DENNY CRANE and Alan Shore, two expensive lawyers played by William Shatner and James Spader on ABC’s “Boston Legal,” are having a heated debate about the major tobacco company’s ongoing liability when The conversation was stopped by the boom of a zipper.

The scene, from the first episode of the fifth (and final) season of the series, begins on Monday, true to any previous season. Since being spun off from “The Practice” in 2004, “Boston Legal” has garnered attention for dealing with ethically troubling issues such as assisted suicide, executions of people with mental illness. god and neglect of veterans, with the agitation of the theater. – absurd moments. Less notably, the series has also managed to explore the contours and intricacies of male friendship in a way that few, if any, other shows have ever attempted.
Since the middle of the first season, almost every episode has ended with Mr. Shatner and Mr. Spader sitting on a club chair on Crane’s office balcony, talking late into the night about (seemingly) pure affection. their purity for each other through every sip of Scotch. and cigar smoke.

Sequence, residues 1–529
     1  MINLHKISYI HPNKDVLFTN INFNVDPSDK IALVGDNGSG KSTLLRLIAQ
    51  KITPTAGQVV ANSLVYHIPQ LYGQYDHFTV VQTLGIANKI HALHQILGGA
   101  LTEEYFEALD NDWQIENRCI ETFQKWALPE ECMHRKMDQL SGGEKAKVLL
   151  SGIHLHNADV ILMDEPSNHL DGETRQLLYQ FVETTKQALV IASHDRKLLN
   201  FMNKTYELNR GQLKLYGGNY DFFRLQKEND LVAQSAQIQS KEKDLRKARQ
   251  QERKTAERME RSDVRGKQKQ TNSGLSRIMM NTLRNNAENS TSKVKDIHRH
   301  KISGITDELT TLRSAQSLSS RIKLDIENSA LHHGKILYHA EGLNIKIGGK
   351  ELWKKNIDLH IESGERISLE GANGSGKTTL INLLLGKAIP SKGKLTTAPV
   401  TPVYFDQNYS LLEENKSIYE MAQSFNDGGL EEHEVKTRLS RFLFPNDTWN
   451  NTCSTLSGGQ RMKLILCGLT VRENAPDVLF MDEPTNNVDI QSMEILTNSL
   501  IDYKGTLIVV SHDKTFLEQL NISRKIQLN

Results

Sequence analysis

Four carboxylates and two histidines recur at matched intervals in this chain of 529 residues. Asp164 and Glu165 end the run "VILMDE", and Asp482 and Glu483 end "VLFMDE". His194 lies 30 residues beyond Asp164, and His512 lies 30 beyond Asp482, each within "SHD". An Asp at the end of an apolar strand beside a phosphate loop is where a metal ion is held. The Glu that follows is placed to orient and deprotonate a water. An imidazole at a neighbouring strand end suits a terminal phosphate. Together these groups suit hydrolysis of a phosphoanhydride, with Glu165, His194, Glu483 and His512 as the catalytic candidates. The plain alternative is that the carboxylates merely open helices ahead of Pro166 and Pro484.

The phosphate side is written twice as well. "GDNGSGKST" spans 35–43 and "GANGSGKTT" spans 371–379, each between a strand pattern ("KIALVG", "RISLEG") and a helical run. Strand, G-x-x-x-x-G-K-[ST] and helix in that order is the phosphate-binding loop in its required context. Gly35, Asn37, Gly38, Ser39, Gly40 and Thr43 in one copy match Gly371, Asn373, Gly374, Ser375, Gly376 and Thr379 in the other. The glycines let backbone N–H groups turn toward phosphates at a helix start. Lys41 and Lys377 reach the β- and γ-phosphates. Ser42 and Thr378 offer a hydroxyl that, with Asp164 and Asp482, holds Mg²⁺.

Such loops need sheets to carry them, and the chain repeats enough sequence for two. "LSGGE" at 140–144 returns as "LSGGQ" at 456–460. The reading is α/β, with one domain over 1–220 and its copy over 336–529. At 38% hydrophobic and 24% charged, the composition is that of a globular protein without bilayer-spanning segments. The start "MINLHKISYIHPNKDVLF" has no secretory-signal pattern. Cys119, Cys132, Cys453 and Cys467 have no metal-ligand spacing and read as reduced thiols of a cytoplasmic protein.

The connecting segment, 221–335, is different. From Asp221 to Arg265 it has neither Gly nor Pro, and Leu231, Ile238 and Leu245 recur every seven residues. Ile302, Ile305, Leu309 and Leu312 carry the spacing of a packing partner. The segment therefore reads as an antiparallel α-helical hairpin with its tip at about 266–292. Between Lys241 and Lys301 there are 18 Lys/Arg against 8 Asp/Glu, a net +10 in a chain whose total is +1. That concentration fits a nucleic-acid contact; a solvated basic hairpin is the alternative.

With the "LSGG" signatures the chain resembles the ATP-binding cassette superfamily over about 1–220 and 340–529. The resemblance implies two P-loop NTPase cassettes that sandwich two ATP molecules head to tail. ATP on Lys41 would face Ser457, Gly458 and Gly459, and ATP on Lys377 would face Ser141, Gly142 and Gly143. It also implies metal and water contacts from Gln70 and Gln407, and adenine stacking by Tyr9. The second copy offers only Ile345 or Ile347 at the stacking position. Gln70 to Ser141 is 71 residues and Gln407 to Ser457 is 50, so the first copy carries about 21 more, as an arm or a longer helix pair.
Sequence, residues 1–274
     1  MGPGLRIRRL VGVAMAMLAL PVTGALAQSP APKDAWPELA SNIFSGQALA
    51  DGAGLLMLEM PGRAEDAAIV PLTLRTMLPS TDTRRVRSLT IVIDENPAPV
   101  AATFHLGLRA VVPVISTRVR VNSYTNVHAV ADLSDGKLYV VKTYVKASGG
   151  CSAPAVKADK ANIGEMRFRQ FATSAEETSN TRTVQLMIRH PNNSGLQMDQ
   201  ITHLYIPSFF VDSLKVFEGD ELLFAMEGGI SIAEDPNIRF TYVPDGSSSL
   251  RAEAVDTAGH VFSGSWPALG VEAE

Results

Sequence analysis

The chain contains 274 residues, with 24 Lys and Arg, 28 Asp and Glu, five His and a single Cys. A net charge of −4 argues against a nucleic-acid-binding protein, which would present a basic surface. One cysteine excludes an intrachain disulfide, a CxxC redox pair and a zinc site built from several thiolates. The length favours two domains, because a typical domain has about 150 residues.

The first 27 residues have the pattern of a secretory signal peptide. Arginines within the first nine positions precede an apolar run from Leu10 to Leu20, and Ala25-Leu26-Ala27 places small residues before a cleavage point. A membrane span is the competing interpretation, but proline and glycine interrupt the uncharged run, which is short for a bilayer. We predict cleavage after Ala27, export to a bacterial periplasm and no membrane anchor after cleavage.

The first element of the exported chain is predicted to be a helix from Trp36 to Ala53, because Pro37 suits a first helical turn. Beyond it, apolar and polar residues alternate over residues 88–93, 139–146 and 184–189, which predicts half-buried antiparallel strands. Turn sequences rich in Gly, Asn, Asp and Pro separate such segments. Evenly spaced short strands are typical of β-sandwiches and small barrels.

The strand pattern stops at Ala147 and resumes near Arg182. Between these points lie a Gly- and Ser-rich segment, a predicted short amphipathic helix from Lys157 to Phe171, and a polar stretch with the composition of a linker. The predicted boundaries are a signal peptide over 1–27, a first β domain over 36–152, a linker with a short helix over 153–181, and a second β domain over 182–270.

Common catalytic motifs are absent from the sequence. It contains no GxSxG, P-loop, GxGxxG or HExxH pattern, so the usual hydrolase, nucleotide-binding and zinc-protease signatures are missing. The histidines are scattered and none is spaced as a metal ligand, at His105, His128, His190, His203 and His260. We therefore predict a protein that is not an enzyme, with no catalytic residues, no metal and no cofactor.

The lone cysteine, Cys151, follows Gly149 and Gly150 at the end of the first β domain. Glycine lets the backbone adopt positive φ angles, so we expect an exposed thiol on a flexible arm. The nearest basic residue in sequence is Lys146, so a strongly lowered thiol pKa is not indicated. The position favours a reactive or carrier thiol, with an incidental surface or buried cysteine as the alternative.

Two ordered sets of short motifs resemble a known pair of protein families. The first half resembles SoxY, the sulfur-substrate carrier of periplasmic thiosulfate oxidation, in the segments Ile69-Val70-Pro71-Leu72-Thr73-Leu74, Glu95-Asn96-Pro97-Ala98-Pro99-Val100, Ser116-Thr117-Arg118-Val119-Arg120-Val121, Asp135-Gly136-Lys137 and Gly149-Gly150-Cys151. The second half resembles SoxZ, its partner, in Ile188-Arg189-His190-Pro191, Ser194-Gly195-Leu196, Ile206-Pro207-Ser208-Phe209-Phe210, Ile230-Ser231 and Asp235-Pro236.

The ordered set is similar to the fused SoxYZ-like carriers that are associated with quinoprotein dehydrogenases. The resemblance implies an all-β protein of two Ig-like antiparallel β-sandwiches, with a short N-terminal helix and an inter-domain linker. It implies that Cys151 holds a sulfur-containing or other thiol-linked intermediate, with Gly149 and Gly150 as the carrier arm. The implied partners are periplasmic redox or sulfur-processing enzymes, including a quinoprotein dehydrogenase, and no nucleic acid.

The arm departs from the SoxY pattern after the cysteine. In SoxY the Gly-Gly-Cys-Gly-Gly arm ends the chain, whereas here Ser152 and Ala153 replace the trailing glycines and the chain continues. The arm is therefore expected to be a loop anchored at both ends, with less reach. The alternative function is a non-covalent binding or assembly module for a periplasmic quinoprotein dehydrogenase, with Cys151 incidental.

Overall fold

“Sometimes I think the episode might just be a vehicle to get us to the balcony scene,” said Mr. Spader, wearing one of Shore’s elegant plaid suits, the wording as tight as the character. his, during a recent pause in filming a movie. afternoon.
Shore and Crane, the others were skirt-running flirts, sometimes following their exhilarating balcony sessions with a seemingly innocuous overnight, because they didn’t want to be alone or want to continue talking.

“Where does a man’s love begin and end?” Mr. Shatner was speaking in his dressing room here one recent morning, when asked to distill what “Boston Legal” is all about. “I have never had male friends like that. Never become such a friend that it replaces the intimacy you can have with a woman. It’s interesting to speculate what the limitations are.”
From ABC’s perspective, there’s also the issue of ratings: last season’s “Boston Legal” was ranked 50th among primetime television shows, according to Nielsen Media Research, with an audience of around eight ,9 million down about 200,000 from the previous TV season, but down 1.3 million from the previous season. (To counterbalance that math, “Boston Legal” is a longtime Emmy Award winner, with Mr. Spader and Mr. Shatner having won multiple times for their roles; each has been nominated again. this year, alongside Candice Bergen and the film itself, for outstanding film.)